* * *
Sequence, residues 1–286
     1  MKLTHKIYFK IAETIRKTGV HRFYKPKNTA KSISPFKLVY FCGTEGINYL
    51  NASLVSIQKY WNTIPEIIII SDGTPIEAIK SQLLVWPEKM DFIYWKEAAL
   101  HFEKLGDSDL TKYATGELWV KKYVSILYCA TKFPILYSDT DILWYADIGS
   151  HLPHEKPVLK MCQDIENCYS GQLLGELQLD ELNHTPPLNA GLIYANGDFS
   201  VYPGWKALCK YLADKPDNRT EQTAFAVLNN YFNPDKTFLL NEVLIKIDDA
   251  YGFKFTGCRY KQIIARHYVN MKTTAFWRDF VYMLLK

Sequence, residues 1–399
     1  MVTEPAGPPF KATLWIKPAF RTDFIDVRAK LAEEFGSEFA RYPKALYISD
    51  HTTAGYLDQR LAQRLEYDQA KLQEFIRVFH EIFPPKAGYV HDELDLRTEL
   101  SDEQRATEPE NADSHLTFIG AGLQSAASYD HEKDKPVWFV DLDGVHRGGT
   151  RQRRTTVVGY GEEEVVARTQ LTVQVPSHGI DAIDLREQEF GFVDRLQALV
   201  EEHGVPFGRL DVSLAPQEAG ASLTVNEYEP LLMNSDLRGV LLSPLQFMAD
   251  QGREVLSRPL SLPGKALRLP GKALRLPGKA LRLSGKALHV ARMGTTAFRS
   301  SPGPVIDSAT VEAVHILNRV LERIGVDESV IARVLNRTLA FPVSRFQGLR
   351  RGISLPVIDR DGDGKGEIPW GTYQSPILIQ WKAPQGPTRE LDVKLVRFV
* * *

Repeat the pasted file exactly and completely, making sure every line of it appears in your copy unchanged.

Sequence, residues 1–286
     1  MKLTHKIYFK IAETIRKTGV HRFYKPKNTA KSISPFKLVY FCGTEGINYL
    51  NASLVSIQKY WNTIPEIIII SDGTPIEAIK SQLLVWPEKM DFIYWKEAAL
   101  HFEKLGDSDL TKYATGELWV KKYVSILYCA TKFPILYSDT DILWYADIGS
   151  HLPHEKPVLK MCQDIENCYS GQLLGELQLD ELNHTPPLNA GLIYANGDFS
   201  VYPGWKALCK YLADKPDNRT EQTAFAVLNN YFNPDKTFLL NEVLIKIDDA
   251  YGFKFTGCRY KQIIARHYVN MKTTAFWRDF VYMLLK

Sequence, residues 1–399
     1  MVTEPAGPPF KATLWIKPAF RTDFIDVRAK LAEEFGSEFA RYPKALYISD
    51  HTTAGYLDQR LAQRLEYDQA KLQEFIRVFH EIFPPKAGYV HDELDLRTEL
   101  SDEQRATEPE NADSHLTFIG AGLQSAASYD HEKDKPVWFV DLDGVHRGGT
   151  RQRRTTVVGY GEEEVVARTQ LTVQVPSHGI DAIDLREQEF GFVDRLQALV
   201  EEHGVPFGRL DVSLAPQEAG ASLTVNEYEP LLMNSDLRGV LLSPLQFMAD
   251  QGREVLSRPL SLPGKALRLP GKALRLPGKA LRLSGKALHV ARMGTTAFRS
   301  SPGPVIDSAT VEAVHILNRV LERIGVDESV IARVLNRTLA FPVSRFQGLR
   351  RGISLPVIDR DGDGKGEIPW GTYQSPILIQ WKAPQGPTRE LDVKLVRFV